I’m sure that at some time in your life, you have heard someone sing the old song, Stagger Lee.
Believe it or not, Stagger Lee [I will continue to call every version of the song Stagger Lee, no matter what the artist calls it], with well over 200 known variations, recorded over 600 times by just about any and every musician you could ever name, was about a real crime, a saloon shooting between two real men, that occurred 121 years ago!
So now I’ll tell you the REAL story behind the song Stagger Lee. But be warned, this article is NOT – I say again – NOT - PC by modern standards! [Auto correct went nuts! Kept trying to replace damn near everything!]
This article is from the Dec 28, 1895 St. Louis Daily Globe-Democrat newspaper: Shot in Curtis’s Place William Lyons, 25, colored, a levee hand, living at 1410 Morgan Street, was shot in the abdomen yesterday evening at 10 o’clock in the saloon of Bill Curtis, at Eleventh and Morgan Streets. by Lee Sheldon, also colored. Both parties, it seems, had been drinking and were feeling in exuberant spirits. Lyons and Sheldon were friends and were talking together. The discussion drifted to politics and an argument was started, the conclusion of which was that Lyons snatched Sheldon’s hat from his head. The latter indignantly demanded its return. Lyons refused, and Sheldon drew his revolver and shot Lyons in the abdomen. Lyons was taken to the Dispensary, where his wounds were pronounced serious. He was removed to the city hospital. At the time of the shooting, the saloon was crowded with negroes. Sheldon is a carriage driver and lives at North Twelfth Street. When his victim fell to the floor Sheldon took his hat from the hand of the wounded man and coolly walked away. He was subsequently arrested and locked up at the Chestnut Street Station. Sheldon is also known as “Stag” Lee. [Note: Shelton’s last name was misspelled in the article as Sheldon. And this is the actual newspaper article, 121 years old, so, again, it was NOT PC!]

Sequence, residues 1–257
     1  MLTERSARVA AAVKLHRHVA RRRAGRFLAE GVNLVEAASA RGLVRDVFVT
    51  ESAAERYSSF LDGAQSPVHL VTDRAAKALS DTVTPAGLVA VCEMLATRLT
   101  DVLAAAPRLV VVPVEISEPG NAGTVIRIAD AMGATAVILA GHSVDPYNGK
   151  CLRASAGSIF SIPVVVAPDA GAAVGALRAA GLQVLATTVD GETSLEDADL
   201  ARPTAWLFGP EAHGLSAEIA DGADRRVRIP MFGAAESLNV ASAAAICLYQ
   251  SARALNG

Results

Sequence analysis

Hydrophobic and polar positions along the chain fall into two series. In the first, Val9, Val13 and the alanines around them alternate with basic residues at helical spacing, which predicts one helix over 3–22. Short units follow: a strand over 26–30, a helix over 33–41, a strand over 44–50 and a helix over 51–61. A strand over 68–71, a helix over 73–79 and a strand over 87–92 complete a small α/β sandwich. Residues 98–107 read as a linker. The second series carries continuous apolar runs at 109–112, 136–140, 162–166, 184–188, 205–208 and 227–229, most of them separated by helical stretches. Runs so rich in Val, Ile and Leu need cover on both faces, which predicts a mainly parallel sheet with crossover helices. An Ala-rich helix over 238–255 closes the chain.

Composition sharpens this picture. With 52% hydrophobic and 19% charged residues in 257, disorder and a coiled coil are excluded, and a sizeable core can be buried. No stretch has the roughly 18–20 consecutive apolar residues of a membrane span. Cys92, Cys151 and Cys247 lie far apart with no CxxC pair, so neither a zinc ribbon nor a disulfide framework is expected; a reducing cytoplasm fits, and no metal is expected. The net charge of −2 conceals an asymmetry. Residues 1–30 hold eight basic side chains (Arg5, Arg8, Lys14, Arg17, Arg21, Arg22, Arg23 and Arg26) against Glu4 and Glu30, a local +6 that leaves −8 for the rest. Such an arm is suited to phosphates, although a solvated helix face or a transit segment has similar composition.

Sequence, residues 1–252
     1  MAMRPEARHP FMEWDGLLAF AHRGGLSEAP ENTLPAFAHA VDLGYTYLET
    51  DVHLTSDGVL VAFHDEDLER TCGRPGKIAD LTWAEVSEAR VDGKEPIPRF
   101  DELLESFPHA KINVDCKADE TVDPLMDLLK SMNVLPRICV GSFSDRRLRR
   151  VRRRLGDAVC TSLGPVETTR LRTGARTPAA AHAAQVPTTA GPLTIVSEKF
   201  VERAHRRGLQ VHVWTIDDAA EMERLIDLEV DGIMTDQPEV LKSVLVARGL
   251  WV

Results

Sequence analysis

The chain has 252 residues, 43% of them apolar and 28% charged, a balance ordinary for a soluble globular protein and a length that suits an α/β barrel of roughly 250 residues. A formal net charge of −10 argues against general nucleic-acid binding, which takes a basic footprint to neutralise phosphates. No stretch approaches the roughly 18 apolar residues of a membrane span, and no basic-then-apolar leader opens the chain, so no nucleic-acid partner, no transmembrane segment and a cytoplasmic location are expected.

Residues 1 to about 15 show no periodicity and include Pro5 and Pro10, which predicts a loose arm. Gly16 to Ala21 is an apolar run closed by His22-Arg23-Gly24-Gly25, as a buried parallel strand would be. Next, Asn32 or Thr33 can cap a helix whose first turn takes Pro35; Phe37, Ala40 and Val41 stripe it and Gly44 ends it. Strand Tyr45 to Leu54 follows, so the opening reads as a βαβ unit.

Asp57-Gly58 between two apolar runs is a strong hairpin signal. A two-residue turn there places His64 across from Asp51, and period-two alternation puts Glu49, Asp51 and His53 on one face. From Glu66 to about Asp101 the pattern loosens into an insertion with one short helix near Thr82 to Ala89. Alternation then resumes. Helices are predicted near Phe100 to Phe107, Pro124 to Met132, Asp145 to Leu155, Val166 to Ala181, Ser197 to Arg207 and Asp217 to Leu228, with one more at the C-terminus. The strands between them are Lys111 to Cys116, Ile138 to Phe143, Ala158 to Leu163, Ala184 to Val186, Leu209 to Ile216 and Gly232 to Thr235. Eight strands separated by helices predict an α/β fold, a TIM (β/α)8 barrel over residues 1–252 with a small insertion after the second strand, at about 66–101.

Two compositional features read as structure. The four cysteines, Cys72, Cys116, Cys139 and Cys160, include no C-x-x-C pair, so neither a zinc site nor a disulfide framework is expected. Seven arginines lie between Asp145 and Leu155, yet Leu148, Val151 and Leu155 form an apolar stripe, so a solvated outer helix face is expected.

Now, obviously this article just sets up and begs for some follow-up! Both Stag Lee Shelton and Billy Lyons were notorious members of the St. Louis lawless underworld and politics (Gee, criminals engaged in politics, or perhaps politicians engaged in lawbreaking – who would ever believe that?). Stag Lee was a well-known member of the Macks, a St. Louis group of organized procurers and panderers (Pimps, to be more modern and less PC!), and connected with the floating Mississippi Riverboat brothel Stack Lee (owned by the Memphis Lee family). Macks were readily discernable by their “flash” clothing and lifestyle. (No! Pimps wearing flashy clothing and living large? Really?)
Stag Lee was likewise one of the leaders of the Four Hundred Club, a St. Louis “black-and-tan [interracial] social club” with an extremely unsavory reputation! He was also a Democratic political party Negro organizer (at the time the Democrats were in a vicious battle to retain their political control of St. Louis, at that time one of the largest Democratcontrolled cities in America.) In other words, Stag Lee was the epic incarnation of a “dangerous black man”; one who was sly, streetwise, cool, lawless, unscrupulous and violent; a “big bad man” (shades of Leroy Brown!).
Less is known about Billy Lyons, except that he also had criminal and political connections. He was a Stevedore, a Union organizer, a Republican political party Negro organizer, and apparently a “business” as well as political rival of Stag.